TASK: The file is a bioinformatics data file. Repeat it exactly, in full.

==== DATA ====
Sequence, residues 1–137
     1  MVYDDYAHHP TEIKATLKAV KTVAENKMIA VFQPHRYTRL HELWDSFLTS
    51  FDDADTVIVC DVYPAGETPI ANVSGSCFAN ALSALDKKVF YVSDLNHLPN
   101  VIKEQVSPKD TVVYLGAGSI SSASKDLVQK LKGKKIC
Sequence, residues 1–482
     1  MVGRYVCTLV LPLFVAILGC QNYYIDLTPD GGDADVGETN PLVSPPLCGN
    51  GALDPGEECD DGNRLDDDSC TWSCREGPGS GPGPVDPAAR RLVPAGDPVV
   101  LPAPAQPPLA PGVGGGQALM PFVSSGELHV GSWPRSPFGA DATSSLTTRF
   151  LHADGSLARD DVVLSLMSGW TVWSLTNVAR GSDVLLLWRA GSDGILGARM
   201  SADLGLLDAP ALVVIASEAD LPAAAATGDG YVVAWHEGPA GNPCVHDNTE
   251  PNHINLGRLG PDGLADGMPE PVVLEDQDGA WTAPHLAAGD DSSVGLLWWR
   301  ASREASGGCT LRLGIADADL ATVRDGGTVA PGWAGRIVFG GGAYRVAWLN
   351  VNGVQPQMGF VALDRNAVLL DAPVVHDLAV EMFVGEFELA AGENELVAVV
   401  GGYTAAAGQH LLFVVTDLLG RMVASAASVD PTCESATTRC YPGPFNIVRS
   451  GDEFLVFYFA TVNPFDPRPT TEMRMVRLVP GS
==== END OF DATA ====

Sequence, residues 1–137
     1  MVYDDYAHHP TEIKATLKAV KTVAENKMIA VFQPHRYTRL HELWDSFLTS
    51  FDDADTVIVC DVYPAGETPI ANVSGSCFAN ALSALDKKVF YVSDLNHLPN
   101  VIKEQVSPKD TVVYLGAGSI SSASKDLVQK LKGKKIC
Sequence, residues 1–482
     1  MVGRYVCTLV LPLFVAILGC QNYYIDLTPD GGDADVGETN PLVSPPLCGN
    51  GALDPGEECD DGNRLDDDSC TWSCREGPGS GPGPVDPAAR RLVPAGDPVV
   101  LPAPAQPPLA PGVGGGQALM PFVSSGELHV GSWPRSPFGA DATSSLTTRF
   151  LHADGSLARD DVVLSLMSGW TVWSLTNVAR GSDVLLLWRA GSDGILGARM
   201  SADLGLLDAP ALVVIASEAD LPAAAATGDG YVVAWHEGPA GNPCVHDNTE
   251  PNHINLGRLG PDGLADGMPE PVVLEDQDGA WTAPHLAAGD DSSVGLLWWR
   301  ASREASGGCT LRLGIADADL ATVRDGGTVA PGWAGRIVFG GGAYRVAWLN
   351  VNGVQPQMGF VALDRNAVLL DAPVVHDLAV EMFVGEFELA AGENELVAVV
   401  GGYTAAAGQH LLFVVTDLLG RMVASAASVD PTCESATTRC YPGPFNIVRS
   451  GDEFLVFYFA TVNPFDPRPT TEMRMVRLVP GS